Limiting the Crowd to their own time at their own expense: the open community's distate for commerce

Recently we looked at the Folly of the Crowd: how in all but the largest of online communities the supposed consensus community content is actually created by a fanatical few. This is made worse by the online world's distaste of people making a living.

To take one example close to home for this blog, recently a link to ITIL’s dead elephant: CMDB can't be done was removed from Wikipedia on the grounds that it is on a blog. Let me stress that I didn't put it there and I don't know who did. But someone thought it illuminated the debate and added balance to the otherwise rosy depiction of CMDB, until Wikipedia's intellectually elitist policy overruled. A blog is only opinion and yet an online magazine ( or CIO Magazine columnist Dean Meyer (who knows little about ITIL) are OK .

This followed an earlier debate over whether a site with Adsense ads on it could have anything worthwhile to say (generally held in contempt by the high priests of Wikipedia).

And recently I copped criticism on this blog from a member of the "open" community for my Ops4less site asking for content contributions in order to get access to the goodies.

I'm not taking this personally, I'm just citing examples from personal experience. Many other examples abound. While the Drupal community is receptive to folk selling consulting services, anyone attempting to charge for a contributed module would get nowhere, and there is no mechanism to do so. Some users get quite abusive if none of the (free) support volunteers answer their questions straight away or to their satisfaction.

This distaste for commerce amongst the open community strikes me as the height of silliness. The number of contributors is restricted enough already. If they can only contribute when they have zero benefit from doing so beyond either ego-stroking and posturing or the genuine satisfaction of contributing to the community or for some intangible future profit, then the pool will be further limited to the truly fanatical and will become even less representative of the community.

The open movement might spring from socialist ideals but it ignores capitalist reality at its peril. Every socialist state has discovered most people don't contribute without reward.


Yep Skep

In the service catalog entry, some busy body removed links to my blog and community, but left the link to my book on Amazon. So rather than get access to free advice and writing, they are directed to the $59 book. I couldn't do it better myself; I wouldn't do it either.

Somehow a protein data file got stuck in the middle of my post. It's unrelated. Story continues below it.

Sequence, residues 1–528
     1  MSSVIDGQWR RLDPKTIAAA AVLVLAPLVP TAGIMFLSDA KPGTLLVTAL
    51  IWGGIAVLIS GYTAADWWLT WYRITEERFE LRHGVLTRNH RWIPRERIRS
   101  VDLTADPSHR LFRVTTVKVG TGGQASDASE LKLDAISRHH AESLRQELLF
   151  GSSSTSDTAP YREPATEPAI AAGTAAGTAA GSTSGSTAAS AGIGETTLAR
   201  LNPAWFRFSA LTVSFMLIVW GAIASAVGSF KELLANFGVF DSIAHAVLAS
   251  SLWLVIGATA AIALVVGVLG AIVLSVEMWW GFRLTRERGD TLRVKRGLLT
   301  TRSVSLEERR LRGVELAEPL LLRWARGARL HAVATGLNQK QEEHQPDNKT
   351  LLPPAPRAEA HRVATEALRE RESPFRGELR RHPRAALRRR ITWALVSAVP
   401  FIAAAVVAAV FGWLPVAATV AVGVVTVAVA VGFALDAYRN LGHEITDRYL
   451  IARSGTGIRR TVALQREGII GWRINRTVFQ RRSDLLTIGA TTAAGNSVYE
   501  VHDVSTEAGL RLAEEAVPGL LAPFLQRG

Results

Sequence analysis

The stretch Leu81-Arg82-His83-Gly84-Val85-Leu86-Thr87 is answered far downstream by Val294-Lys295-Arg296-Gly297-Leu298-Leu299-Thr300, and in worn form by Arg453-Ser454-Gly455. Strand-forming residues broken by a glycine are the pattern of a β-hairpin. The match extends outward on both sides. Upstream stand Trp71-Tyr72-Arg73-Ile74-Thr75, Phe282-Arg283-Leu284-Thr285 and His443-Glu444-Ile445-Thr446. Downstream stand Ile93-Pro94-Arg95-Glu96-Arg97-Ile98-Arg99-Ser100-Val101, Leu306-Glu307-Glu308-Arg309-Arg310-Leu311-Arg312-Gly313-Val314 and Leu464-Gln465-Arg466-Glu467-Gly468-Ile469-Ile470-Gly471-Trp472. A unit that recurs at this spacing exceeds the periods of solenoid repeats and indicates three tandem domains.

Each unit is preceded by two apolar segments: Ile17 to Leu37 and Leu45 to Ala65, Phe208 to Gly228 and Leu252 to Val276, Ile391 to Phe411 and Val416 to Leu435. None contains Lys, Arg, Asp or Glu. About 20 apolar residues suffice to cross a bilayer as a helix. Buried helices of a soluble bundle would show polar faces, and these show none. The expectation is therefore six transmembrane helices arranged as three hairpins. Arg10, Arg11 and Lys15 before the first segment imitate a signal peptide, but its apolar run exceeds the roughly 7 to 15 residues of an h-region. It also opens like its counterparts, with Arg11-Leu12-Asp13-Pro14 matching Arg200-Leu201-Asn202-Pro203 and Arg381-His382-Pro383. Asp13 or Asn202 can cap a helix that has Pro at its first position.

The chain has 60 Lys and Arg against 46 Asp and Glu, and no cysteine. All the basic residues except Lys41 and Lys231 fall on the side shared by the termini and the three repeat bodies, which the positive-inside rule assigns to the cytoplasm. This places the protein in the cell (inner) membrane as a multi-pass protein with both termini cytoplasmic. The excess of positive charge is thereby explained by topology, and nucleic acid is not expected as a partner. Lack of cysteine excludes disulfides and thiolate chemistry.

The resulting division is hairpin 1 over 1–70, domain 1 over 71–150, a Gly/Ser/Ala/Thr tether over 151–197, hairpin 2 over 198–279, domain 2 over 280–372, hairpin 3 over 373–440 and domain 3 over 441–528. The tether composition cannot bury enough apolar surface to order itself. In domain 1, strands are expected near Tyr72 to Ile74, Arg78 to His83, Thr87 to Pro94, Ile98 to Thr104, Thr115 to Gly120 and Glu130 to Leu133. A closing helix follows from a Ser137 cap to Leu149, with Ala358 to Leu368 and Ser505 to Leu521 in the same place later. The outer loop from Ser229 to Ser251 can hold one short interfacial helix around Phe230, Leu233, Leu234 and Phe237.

So let us all sigh together. I like Wikipedia and Open source is cool; I use it all the time. There thousands of commercial entries in Wikipedia. For example, books and music get pages and pages. Toothpaste less.

But when it comes to IT vendors - watch out. We want nothing from vendors there. I see this problem also with some people in ITSMF who want it to be non-commercial (whatever that means), but hit us up for sponsorships. Very funny.

But it's individuals doing this, not institutions; if I had the time and interest, I'd correct the wikipedia entry. I have neither. My fights are somewhere else.

I'm at peace.
Tx for venting this piece. It's a needed conversation in the ITSMf space.

Oops, don't tell Wikipolicia

On my blog is reference 32. Don't know how it happened but don't tell Wikipolicia...

You are offended too easily


Pushing the boundaries of commercialism for "OpenSource" related business will always draw comment. Springsource, MySQL, everybody comes across it from time to time. Its a result of being a new phenomena of business. There will always be the religion of free (free as in speech) vs. the business of Open Source.

The basic premise of OpenSource as a business though is that you build a community around something that is "free" to gain adoption and then you charge for things that are the next link in the value chain for that core resource. Services for support, or deployment are classic in the Open Source software world.

Take a look at the blog post by the 451 group on "The Law of Conservation of Attractive Profits", its good food for thought.

Asking money before any value is proven is contrary to the learning to this point. OpenSource is fundamentally an adoption led market and not a proactive selling one. People choose to adopt because of the proven value which is free, and then monetize to build on that value. Not saying its wrong, but if your adoption is low, then maybe the lesson is there. Or maybe you are right and its just ahead of its time :)

Brad Vaughan

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